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Graham Rye in Studio 1995 (Click for enlarged image)



1995 interview by TERRY ADLAM

Bond is back! After a six-year convalescence on some far flung politically incorrect bikini-ridden paradise, James Bond 007 is back ‘on the job’. The prolonged recuperation and the intravenously taken Vodka Martinis have healed the wounds of a few slightly tarnished celluloid missions, and our James is a new man (in more ways than one).

But six years was a long time to be ‘out of the field’. The question was: “Will double-o seven still be able to pull the birds, save the world – and rake in the big bucks at the box office?”

One man always believed he could, and his name is Rye, Graham Rye (cue Bond theme). For the past 12 years Rye has been President of The James Bond 007 International Fan Club & Archive and editor, designer and publisher of 007 MAGAZINE. What started as a spare time hobby has now exploded into a very full time occupation. The JBIFC’s 007 MAGAZINE has over 4,000 readers in more than 40 countries worldwide, and its Archive has more information on agent 007 than SPECTRE, SMERSH, or any other megalomaniac hell-bent on world domination could dream of.

"Since The JBIFC and 007 MAGAZINE have gained publicity around the world it’s as though I’ve become a conduit for everything and anything concerned with James Bond,” said Rye when I met him during a rare lapse in his busy schedule at his offices in a secret location somewhere in Surrey.

First impressions are that Rye would make a great Bond villain. Ian Fleming would have penned such phrases as ‘the face was tense, strained, and the eyes were watchful and hard’ along with, ‘the finely drawn but cruel mouth rarely smiled.’

Surrounded by a bumper bonanza of Bond memorabilia – and not an anorak in sight, Graham Rye is a pleasant, enormously creative hard-working human being who is dedicated to the world of James Bond, and woe-betide the cynic who would call him a sad man. They’re just asking for hospital food!

Like so many Bond fans, Rye was introduced to 007 (never pronounced oh oh seven he reminds me) by his Dad, who took him at the age of 11 to see Dr. No when the film was originally released in 1962. Two years later, around the release of Goldfinger, he discovered the Ian Fleming novels. From then on he became a permanent passenger on the gadget-laden Bondwagon.

Leaving school at 16 with just an O-level in art (or should that be Double-O level?) and the headmaster’s boot print still wet on his backside, Rye entered the world of advertising. During the next two decades he amassed a wealth of experience as a graphic designer and photographer, learning from the many leading West End advertising art directors he dealt with on a daily basis. This experience would prove invaluable in later years when he would design and publish 007 MAGAZINE.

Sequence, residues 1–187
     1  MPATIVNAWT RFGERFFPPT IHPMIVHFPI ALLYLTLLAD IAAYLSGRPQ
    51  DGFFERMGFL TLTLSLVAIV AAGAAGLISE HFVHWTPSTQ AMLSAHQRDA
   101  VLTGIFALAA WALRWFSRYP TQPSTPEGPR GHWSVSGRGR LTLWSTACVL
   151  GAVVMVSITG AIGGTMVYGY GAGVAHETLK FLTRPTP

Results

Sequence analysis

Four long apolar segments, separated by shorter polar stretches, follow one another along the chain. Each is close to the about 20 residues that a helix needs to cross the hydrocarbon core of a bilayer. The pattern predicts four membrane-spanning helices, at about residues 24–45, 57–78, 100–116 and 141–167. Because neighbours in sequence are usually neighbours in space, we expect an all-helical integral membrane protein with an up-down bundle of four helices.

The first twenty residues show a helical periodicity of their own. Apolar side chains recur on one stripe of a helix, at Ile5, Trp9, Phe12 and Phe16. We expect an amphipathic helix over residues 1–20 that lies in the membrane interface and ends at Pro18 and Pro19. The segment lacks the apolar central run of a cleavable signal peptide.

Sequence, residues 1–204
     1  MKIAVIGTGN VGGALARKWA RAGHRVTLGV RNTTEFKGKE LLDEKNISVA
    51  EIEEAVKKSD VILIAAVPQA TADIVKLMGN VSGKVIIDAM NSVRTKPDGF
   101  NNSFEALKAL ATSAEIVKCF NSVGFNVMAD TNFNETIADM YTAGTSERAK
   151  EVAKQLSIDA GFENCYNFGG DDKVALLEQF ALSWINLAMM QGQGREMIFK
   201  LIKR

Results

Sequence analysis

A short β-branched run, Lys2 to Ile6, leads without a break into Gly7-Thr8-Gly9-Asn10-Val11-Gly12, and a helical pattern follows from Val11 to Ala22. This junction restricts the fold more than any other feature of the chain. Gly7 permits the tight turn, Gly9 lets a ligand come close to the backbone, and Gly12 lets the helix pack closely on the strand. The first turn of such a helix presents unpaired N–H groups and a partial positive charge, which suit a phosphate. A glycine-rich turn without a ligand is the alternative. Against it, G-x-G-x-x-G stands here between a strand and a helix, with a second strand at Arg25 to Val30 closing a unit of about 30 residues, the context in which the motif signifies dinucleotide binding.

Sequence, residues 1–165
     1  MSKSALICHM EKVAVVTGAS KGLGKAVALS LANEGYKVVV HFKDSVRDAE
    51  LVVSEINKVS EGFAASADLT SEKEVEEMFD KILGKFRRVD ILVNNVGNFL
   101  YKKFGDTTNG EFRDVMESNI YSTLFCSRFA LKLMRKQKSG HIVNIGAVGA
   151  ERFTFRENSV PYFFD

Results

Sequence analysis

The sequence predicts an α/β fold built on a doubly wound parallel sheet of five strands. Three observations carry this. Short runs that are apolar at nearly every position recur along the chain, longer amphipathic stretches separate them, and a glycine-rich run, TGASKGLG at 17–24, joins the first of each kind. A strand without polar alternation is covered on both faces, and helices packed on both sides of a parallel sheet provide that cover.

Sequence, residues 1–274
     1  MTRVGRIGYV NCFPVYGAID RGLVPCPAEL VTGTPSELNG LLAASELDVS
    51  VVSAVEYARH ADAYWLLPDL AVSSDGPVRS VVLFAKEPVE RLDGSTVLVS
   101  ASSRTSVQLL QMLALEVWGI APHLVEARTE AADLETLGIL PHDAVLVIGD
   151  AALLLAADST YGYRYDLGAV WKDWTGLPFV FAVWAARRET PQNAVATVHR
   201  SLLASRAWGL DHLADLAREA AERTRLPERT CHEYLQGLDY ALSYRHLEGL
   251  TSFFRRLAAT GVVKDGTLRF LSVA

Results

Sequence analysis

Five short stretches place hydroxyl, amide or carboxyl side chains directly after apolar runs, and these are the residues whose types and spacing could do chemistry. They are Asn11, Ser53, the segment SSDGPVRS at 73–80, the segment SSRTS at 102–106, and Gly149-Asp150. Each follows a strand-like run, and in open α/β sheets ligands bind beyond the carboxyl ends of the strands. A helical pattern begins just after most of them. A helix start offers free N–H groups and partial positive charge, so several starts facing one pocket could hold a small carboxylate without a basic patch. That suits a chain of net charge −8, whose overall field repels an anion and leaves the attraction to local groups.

Rye was 11 years old when he saw his first Bond movie, he is now old enough to know better, but the bond with Bond is strong. Why has this fictional character influenced so much of his life, and for so long? Rye’s reply seemed almost rehearsed. “Bond is a loner. A man who is out there to do a job, and he does it to the best of his ability. I’ve always tried to follow suit in as much that I believe that everything I turn my hand to I give 100 percent – no, make that 110 percent!” And he does. He’s like a shark that lurks in many a Bond adventure, in that creatively, he can’t keep still for long.

In addition to producing 007 MAGAZINE and dealing with the constant flow of enquiries from around the world, he organises yearly conventions in the form of a Christmas lunch at Pinewood Studios, film showings at The National Film Theatre, interviews with Bond directors and stars, and also takes part in countless TV, radio and press interviews worldwide.

He has written and designed the book ‘The James Bond Girls’ (a subject that’s close to his heart, he says), a colourful Bond babe feast that would even impress the most ardent non-Bond fan. ‘The Most Famous Car In The World: the complete history of the James Bond Aston Martin DB5’ is one of the best-selling automotive books in the last four years. No prizes for guessing who was responsible for the design and edit on that one either.